Original URL: https://www.theregister.co.uk/2012/09/20/china_nfc/
HTC Droids get working bonk-payment NFC setup in China
Networks, iPhone 5 owners not invited to tapcash party
HTC and China Merchants Bank have launched a mobile wallet, allowing owners of HTC Android smartphones to pay for stuff wirelessly by tapping their phone on the till or what have you. The technology is stored in a secure chip in the handset and thus is available without approval, or notification, of the network operator.
The wallet is available on three HTC mobes: the Desire C and two Chinese variants of the One X. All of these are powered by Google's mobile operating system Android. Punters, regardless of their network operator, can take the phone into a bank branch, slap some cash on the counter and get it credited to the QuickPass application so they can pay merchants across China with the bonk of a handset.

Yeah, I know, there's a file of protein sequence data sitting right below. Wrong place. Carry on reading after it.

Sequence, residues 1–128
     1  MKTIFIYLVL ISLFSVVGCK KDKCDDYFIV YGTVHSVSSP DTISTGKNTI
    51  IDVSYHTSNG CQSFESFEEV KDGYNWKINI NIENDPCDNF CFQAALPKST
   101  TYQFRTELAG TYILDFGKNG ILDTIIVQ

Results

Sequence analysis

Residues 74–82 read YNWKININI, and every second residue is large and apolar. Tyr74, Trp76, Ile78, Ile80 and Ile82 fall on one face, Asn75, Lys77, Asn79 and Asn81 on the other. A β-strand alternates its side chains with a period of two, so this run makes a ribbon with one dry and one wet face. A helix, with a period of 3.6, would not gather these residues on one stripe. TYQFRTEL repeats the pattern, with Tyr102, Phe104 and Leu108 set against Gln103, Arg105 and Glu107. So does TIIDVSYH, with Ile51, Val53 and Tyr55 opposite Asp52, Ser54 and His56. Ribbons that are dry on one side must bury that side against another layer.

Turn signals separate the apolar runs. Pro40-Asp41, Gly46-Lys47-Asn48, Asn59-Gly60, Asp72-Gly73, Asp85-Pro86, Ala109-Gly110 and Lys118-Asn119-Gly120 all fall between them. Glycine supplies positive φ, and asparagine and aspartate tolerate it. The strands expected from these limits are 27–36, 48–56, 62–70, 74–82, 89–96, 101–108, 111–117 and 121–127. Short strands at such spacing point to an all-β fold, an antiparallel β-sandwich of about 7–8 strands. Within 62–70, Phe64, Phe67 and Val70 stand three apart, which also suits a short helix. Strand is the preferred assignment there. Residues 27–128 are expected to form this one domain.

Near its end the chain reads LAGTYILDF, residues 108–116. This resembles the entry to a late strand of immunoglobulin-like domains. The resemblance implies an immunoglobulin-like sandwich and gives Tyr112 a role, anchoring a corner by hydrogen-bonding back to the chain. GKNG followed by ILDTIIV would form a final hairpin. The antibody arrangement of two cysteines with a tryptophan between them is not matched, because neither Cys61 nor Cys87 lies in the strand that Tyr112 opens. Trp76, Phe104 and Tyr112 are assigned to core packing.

This wireless wizardry requires a radio conforming to the N-Mark standard (which we engineers call "NFC" in order to confuse people), and also some secure storage in which to stash the cryptographic keys used to authenticate the user. The location of, and control over, of that secure store has been heavily contested by companies who see long-term value in being the gatekeeper.
Banks have long favoured some sort of removable memory card, beyond the control of both network operator and handset manufacturer. NFC Times, in its extensive coverage, points out that China UnionPay has a QuickPass application on a microSD card, and US banks tried out the same thing in New York in 2010.
But despite that, much smart money is now on wallets dropping into the SIM as evidenced by operator consortia including ISIS in the US, and Project Oscar on this side of the pond, creating a standard SIM wallet working across network operators.
But Google is still persevering with its operator-independent Wallet, and now HTC is following suit. The advantages are obvious: no negotiating with network operators, no rent to pay on secure storage in the operator's SIM, and control over the host of voucher and loyalty schemes which are generally expected to make NFC sustainable.
Announcing the deal HTC was explicit in promising all those applications, once pay-by-bonk has pushed NFC into user's pockets, and with HTC in overall control of the secure element - of course. ®